Bear's Blog

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Make Love Not War

May 11, 2024

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When writing about current events, I avoid calling out particulars to focus on the bigger energetic dynamics in play. Not so in my last blog. I noted the similarities between the wave of anti-war student protests in the 60’s and now; I also emphasized the power of nonviolence, and that violence begets more violence. I’ve gotten many responses with a variety of positions on the Mideast war. In reply, I’d like to consider the ways we hold our own beliefs and relate to others with different views.

The war is a very heated subject with SO MANY opinions about why and what has happened, what is happening now and what should happen next. Since most of us are not physically involved we rely on secondhand reports; from politicians, journalists, and those related to the conflict in significant ways. We also hear first person stories from people actually in the midst of it, but even they are just a single thread of the big picture. With a limitless number of perspectives to be had, I believe what’s most important is not to indulge in a black and white narrative. It doesn’t do justice to the situation, or anyone involved.

The other factor in our ability to possibly understand and relate with kindness toward each other is the amount of “charge” around being right. Remember the old adage to never argue about politics or religion? It’s because those strong beliefs were usually held as “right” which makes everyone else wrong.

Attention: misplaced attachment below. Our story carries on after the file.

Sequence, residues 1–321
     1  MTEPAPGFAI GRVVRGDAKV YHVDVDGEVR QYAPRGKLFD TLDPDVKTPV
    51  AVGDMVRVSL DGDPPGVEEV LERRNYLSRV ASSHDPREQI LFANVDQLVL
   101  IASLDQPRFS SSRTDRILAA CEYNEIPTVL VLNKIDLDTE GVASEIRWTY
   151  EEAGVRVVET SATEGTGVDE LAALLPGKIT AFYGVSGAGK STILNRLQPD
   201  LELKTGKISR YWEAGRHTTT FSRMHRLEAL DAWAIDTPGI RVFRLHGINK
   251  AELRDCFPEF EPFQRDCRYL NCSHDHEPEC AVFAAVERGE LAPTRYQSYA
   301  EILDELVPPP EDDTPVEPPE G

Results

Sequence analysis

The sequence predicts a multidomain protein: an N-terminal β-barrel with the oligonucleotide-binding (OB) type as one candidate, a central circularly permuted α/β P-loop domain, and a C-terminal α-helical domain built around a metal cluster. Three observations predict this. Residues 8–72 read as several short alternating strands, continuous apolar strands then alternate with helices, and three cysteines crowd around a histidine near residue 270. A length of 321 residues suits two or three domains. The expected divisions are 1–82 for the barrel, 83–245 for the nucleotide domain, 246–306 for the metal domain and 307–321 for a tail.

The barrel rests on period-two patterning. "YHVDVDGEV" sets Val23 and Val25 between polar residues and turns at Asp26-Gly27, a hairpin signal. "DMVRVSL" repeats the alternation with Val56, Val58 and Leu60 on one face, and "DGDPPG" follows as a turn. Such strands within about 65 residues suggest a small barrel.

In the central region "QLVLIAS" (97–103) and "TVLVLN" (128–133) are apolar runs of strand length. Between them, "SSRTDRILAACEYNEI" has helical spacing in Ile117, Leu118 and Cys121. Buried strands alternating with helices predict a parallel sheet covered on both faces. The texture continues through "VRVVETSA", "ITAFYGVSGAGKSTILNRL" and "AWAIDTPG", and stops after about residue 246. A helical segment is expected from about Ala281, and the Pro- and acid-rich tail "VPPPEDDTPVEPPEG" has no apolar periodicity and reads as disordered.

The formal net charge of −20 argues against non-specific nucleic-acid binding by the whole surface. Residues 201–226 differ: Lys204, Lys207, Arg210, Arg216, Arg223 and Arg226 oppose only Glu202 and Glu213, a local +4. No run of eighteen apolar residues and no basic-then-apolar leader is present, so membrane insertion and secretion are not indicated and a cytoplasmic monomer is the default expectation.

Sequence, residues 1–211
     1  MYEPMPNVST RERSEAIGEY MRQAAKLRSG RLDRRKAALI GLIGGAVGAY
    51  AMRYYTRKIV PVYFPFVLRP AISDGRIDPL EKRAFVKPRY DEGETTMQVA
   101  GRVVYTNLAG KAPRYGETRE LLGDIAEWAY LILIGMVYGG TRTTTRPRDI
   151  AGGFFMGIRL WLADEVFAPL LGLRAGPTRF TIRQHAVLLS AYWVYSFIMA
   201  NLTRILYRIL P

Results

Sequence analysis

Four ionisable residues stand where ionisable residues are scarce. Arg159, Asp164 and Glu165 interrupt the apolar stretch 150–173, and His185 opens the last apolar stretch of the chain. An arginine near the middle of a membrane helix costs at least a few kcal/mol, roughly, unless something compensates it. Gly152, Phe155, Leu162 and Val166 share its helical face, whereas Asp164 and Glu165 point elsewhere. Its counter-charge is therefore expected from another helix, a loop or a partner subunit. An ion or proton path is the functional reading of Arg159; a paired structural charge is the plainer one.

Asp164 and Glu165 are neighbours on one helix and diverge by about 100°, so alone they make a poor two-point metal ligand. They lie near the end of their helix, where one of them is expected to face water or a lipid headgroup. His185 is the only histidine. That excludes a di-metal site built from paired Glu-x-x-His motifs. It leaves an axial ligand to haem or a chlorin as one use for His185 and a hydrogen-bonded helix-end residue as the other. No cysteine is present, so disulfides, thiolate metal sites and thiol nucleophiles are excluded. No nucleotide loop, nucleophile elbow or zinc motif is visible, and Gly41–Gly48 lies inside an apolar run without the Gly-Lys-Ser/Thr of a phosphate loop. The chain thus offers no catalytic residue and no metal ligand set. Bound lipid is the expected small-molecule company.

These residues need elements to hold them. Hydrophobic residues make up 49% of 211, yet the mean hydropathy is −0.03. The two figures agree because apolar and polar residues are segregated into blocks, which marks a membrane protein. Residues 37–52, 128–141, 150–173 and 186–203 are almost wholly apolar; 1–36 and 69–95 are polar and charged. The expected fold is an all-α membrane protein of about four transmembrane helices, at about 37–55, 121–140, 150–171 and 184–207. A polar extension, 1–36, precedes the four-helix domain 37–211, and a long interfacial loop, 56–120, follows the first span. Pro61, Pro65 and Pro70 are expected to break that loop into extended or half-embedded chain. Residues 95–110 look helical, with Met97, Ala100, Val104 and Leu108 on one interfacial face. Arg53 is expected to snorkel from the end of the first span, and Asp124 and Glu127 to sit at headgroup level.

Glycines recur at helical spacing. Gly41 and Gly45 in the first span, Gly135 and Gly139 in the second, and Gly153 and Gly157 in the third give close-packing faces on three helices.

We have seen the result of not talking to each other about important things in American politics. It’s called group polarization when being in a group with the same views makes each member more extreme in those views. This is the result of isolating into our information and/or political silos. People go silent, or cut off relationships, or even invite conflict - sometimes with the intent to harm.

In Zen koan practice the student is asked to hold an inexplicable statement or question that brings forth multiple possibilities to ponder - all or none of which could be true. Possibly each analysis entertained might be part of the truth. Relative truth. As a teacher I ask my students to hold two statements in their mind that seem to contradict each other as both being true. So much of our understanding depends on context!

People have various sensory experiences; spicy food to one person might be considered bland to another. What is traumatic to some might have a minor impact on others. Even death can be seen as the culmination of a long rich life, a tragedy, or even a relief from suffering.

We all have a unique history and emotions - even vested interests - that carry forward and affect the interpretation of the world around us. Understanding that we each experience and view events differently - and that your viewpoint is one among many - helps us modulate the energetic charge in our interactions.

Beyond right and wrong, our hope for a more “civil” society depends on showing respect for others whatever our opinions and affiliations. Hopefully that respect is returned, but ultimately we are responsible only for our own conduct.

Peace, love and healing -


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